URI Graduate School of Oceanography biologist receives lifetime achievement award from American Fisheries Society
Narragansett, RI -- May 5, 2004 -- URI biological oceanographer and professor emeritus Saul B. Saila has been given the 2004 Dwight A. Webster Memorial Award, the most prestigious award given by the Northeastern Division of the American Fisheries Society (AFS). Saila received the award at the 60th Annual Northeast Fish and Wildlife Conference that convened last week in Ocean City, Maryland.
Saila received the award for lifelong contributions to fisheries science and the profession in the Northeast, meritorious service to the profession and fisheries, significant academic or technical accomplishments, and long-term service in the Northeastern Division as an AFS member. He is one of an elite group of 48 individuals who have been AFS members 55 years or more, having joined AFS in 1949.
Saila has enriched the field of fishery science through innovative research and dedication to education in more than fifty years of professional service. He has pioneered the application of new analytical techniques in fisheries research, placing new tools in the hands of researchers that have substantially advanced the discipline in more than one hundred scientific papers and reports.
He was an early proponent of the development and utilization of quantitative models in fisheries applications. He recognized the revolution that computers would bring to the field from an early date and served as the director of the first computer center established at the University of Rhode Island, while continuing in his role as professor in the departments of Oceanography and Zoology.
He established the Marine Experiment Station at URI, modeled on the agricultural experiment stations of Land Grant Colleges. He later contributed to research areas as diverse as multispecies and ecosystem modeling, complex nonlinear dynamics, and uncertainty theory.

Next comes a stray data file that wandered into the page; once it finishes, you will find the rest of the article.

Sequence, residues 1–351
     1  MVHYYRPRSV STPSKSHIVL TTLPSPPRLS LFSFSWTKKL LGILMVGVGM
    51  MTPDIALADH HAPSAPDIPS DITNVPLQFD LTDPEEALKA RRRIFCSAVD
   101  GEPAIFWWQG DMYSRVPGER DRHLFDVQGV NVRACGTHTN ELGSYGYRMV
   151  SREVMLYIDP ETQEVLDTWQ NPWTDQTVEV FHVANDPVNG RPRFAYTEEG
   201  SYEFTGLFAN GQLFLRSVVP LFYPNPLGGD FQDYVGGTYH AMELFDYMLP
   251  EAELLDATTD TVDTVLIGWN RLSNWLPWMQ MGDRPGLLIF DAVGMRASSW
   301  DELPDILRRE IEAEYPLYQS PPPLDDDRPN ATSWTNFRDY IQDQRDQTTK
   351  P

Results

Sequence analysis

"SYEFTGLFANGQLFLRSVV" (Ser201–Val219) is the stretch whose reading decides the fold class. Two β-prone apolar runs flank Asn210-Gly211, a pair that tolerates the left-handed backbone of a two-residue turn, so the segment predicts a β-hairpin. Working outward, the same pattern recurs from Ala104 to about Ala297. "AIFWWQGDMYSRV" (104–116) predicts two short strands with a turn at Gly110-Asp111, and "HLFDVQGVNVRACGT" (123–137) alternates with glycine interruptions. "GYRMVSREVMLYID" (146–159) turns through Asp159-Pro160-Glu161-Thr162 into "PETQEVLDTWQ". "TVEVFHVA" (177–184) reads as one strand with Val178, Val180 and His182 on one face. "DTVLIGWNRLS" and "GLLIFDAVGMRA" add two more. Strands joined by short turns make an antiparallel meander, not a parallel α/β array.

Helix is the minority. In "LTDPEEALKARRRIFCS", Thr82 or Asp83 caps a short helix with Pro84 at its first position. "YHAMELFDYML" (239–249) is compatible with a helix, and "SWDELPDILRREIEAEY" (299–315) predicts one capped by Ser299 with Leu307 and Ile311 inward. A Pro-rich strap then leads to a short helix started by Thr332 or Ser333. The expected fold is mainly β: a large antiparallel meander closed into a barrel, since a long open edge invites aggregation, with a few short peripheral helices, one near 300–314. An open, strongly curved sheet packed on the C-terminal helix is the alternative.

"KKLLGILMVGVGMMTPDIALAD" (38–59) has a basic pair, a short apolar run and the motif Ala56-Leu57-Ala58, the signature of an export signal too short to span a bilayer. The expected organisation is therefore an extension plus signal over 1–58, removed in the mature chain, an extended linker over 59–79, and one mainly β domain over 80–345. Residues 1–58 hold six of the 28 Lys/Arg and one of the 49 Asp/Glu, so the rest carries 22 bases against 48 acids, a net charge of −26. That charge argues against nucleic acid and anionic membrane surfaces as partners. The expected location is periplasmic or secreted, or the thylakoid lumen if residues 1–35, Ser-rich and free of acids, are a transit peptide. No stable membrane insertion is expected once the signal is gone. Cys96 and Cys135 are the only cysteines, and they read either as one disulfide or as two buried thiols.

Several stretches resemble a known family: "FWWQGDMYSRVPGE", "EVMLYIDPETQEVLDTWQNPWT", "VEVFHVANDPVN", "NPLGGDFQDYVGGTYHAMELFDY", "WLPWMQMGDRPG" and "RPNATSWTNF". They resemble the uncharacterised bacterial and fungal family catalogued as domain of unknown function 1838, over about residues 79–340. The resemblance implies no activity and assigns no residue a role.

Saila has served with distinction on many scientific advisory committees at the local, national, and international levels. At the age of almost 80, he still travels abroad as a consultant.
A resident of Hope Valley, Saila received a B.S. in agronomy from the University of Rhode Island, and an M.S. in limnology and a Ph.D. in fishery biology from Cornell University where he was Dwight A. Webster’s second graduate student. He came to URI as an assistant professor of marine biology in 1956 and became a professor of oceanography and zoology in 1967. He has been the major professor for more than 65 students at URI and has written more than 100 papers for professional, peer-reviewed journals. He retired from teaching in 1988, but continues to conduct research throughout the world.
The URI Graduate School of Oceanography is one of the country's largest marine science education programs, and one of the world's foremost marine research institutions. Founded in 1961 in Narragansett, RI, GSO serves a community of scientists who are researching the causes of and solutions to such problems as acid rain, harmful algal blooms, global warming, air and water pollution, oil spills, overfishing, and coastal erosion. GSO is home to the Coastal Institute, the Coastal Resources Center, Rhode Island Sea Grant, the Institute for Archaeological Oceanography, and the National Sea Grant Library.